In-Class and Live Support
The Imaging and Computing Center’s expert staff contribute to the college in a number of ways. We contribute to classes and offer a number of workshops. Some of those are listed below. A Gallery of Research and Curricular Projects provides a an overview of the breadth of our work, and is a record of our work.
Workshops and Courses:
Computational computing at the Imaging and Computing Center: Research and Curricular Computing and the Imaging and Computing Center offer support for Computational Computing at Bates College. We will support faculty scholarship projects, curricular projects, and facilitate access to computing resources at Bates and abroad. Faculty who need support for curricular and research computing projects should contact Kai Evenson (Manager of the Imaging and Computing Center; firstname.lastname@example.org) or Michael Hanrahan (Director of Research and Curricular Computing; email@example.com). We will support faculty curricular and research projects and facilitate access to appropriate computing resources whenever possible. If you desire computational support for your academic work at Bates, please contact us. We can work together to solve your computational computing needs.
ENVR 220. GIS Across the Curriculum: Geographical Information Systems (GIS) are computer-based systems for analyzing spatially located data. They allow rapid development of high-quality maps and enable sophisticated examination of spatial patterns and interrelationships. In this course students learn the principles of GIS through extensive computer use of ArcGIS (ESRI). Modules from across the curriculum introduce students to spatial data by exploring common data sources, data collection methods, data quality, and data presentation methods. Finally, students learn to extend their capabilities by tackling more advanced spatial analysis tasks while completing an independent project. New course beginning Fall 2011. Enrollment limited to 20. Normally offered every other year. M. Duvall, C. Parrish
ESGE 217: Mapping and GIS: Geographical information systems (GIS) are computer-based systems for geographical data presentation and analysis. They allow rapid development of high-quality maps, and enable sophisticated examination of spatial patterns and interrelationships. In this course students learn the principles of GIS through extensive computer use of ArcGIS (ESRI). Geological and environmental projects introduce students to cartography, common sources of geographic data, methods for collecting novel spatial data, and data quality. Finally, students learn to extend the capabilities of GIS software to tackle more advanced spatial analysis tasks by completing an independent project. Lectures supplement the laboratory component of the course. M. Duvall serves as AI (ex officio).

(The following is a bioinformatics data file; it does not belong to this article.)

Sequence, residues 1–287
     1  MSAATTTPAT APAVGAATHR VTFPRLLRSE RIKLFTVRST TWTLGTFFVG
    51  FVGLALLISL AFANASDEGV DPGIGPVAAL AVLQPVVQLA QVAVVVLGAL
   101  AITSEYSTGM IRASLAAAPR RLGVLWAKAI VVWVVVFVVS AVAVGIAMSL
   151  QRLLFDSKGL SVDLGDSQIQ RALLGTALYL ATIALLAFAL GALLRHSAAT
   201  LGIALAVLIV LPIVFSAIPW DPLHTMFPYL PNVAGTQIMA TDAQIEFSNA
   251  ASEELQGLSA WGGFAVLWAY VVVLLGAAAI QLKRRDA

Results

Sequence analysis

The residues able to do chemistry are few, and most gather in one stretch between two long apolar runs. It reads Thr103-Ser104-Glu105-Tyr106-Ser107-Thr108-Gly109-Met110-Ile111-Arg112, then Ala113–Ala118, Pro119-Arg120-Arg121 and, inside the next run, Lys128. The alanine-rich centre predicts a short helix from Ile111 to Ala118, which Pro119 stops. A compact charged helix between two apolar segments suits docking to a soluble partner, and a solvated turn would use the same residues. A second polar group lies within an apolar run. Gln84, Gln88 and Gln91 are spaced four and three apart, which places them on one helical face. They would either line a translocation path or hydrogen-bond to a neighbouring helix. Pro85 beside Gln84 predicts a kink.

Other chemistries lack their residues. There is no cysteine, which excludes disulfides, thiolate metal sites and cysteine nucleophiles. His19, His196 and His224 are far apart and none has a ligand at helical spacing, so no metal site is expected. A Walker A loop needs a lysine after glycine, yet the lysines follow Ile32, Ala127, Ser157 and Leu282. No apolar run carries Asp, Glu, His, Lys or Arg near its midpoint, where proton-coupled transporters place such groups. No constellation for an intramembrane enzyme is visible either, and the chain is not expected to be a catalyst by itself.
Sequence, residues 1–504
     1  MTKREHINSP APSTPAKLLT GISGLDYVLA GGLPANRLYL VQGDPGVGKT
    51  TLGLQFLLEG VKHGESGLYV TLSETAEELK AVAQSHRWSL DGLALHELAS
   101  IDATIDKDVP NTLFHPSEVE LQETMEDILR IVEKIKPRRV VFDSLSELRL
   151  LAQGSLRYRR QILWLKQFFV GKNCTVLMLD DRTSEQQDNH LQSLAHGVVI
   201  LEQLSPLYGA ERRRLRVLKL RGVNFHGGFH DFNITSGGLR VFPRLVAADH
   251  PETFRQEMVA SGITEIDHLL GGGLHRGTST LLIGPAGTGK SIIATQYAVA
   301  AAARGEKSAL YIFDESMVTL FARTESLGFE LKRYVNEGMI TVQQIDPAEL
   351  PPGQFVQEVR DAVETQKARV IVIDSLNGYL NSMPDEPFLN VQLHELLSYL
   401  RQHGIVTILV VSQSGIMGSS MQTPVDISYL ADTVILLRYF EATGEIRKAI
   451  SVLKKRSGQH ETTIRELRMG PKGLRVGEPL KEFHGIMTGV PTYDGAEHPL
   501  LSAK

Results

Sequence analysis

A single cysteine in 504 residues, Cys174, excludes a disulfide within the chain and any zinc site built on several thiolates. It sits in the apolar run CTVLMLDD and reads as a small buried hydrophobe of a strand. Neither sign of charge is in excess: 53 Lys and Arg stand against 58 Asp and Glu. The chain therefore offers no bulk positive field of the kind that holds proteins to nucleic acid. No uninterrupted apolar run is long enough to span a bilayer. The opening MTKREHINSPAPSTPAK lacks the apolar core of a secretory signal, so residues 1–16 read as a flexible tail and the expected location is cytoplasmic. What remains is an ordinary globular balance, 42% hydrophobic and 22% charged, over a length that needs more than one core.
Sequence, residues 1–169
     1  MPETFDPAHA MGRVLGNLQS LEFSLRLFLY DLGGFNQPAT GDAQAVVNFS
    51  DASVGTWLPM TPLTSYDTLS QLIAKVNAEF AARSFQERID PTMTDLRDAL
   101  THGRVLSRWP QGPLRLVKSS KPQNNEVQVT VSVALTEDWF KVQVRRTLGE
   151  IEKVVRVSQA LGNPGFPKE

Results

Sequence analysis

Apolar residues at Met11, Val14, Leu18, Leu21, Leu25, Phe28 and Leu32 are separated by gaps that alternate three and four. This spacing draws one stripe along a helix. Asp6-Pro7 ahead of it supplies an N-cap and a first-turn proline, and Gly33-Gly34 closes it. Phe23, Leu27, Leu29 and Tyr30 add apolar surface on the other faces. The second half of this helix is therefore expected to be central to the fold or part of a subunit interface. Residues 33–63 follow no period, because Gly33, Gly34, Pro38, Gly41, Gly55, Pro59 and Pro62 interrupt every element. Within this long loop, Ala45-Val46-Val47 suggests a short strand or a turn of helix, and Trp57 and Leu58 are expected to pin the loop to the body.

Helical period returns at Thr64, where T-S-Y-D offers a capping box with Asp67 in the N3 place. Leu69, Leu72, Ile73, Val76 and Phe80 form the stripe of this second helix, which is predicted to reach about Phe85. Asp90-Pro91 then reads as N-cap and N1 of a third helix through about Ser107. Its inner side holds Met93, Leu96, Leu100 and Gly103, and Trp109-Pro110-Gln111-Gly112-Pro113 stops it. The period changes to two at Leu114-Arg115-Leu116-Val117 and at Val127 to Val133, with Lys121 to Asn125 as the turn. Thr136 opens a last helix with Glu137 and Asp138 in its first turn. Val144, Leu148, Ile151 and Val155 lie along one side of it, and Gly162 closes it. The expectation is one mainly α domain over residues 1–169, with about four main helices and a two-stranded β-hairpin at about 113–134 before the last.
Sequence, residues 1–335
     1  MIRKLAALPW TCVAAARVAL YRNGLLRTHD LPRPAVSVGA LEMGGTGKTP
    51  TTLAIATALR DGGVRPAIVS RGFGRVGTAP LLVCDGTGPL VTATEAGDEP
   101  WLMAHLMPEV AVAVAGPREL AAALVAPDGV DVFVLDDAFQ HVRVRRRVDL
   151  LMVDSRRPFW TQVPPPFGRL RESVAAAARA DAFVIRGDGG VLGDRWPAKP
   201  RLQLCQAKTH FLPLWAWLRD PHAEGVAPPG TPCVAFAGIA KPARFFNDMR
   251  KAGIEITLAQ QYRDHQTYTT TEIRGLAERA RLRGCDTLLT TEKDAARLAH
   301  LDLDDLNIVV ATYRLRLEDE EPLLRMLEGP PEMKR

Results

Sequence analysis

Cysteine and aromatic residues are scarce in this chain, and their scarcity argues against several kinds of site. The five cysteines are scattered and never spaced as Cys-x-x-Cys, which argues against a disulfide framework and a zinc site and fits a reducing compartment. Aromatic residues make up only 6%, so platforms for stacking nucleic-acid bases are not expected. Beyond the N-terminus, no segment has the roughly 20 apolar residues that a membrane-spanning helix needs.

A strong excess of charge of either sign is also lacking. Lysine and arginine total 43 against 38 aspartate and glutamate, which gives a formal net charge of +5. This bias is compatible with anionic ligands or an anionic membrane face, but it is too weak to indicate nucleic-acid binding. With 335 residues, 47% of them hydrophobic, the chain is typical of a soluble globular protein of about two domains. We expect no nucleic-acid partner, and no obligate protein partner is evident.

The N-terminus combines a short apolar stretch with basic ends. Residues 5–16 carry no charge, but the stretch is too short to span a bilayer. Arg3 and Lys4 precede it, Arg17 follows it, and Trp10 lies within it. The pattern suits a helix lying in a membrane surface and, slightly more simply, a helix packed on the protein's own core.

GEO s19. Introduction to Computer Programming: Through the Imaging and Computing Center, the Geology Department offers an introduction to computer programming course (taught by Matt Duvall). In the course, students are introduced to computer programming in the C++ programming language. They begin by learning an important three-step approach to computer programming: problem analysis, program design, and program coding. The course covers key programming concepts such as variables, operators, flow control, and I/O as well as some of the programming paradigms commonly used today. In the final week students gain exposure to additional programming languages in order to reinforce the programming concepts common to many languages. M. Duvall
Introducing GIS: A Geographic Information System (GIS) is a powerful tool for manipulating and conveying spatial information. Besides facilitating the production of clear and informative maps of terrestrial locations (and a variety of physical spaces), a GIS can quantify and variously represent physical geography (e.g., measure topography in three dimensions) as well as cultural geography or environments (e.g. indicate concentrations of non-English language speakers in Maine or map flora and fauna ranges in New England) leading to new opportunities for analysis and understanding. This workshop will introduce the tool by exploring the uses of GIS on campus and is offered at varying frequencies (usually each semester). Offered in association with Curricular and Research Computing.
Mapping the Humanities with Mashups: A “mashup” is a techno-colloquial term for an application or website that combines and re-purposes data from multiple existing sources. Their uses in education are wide ranging: map mashups, for example, combine spatial data and in-depth textual and graphical annotations of places or features. The result is a multi-layered, multi-representational map. At their best, mashups allow students to engage with their material in new ways not only by providing geographical clarity but also by enabling new analysis of the resultant cultural contexts. This workshop will give an overview of mapping mashups and provide some examples of mashups in curricular settings. Offered twice yearly. Offered in association with Curricular and Research Computing.
Powerpoint Presentations: A short in-class (15 to 30 minutes) presentation giving an overview of the do’s and don’ts of powerpoint presentation. The presentation does not focus on using Powerpoint. Instead, it focuses on visual approaches that work while also pointing out some of the common pitfalls of Powerpoint presentation. Offered upon request.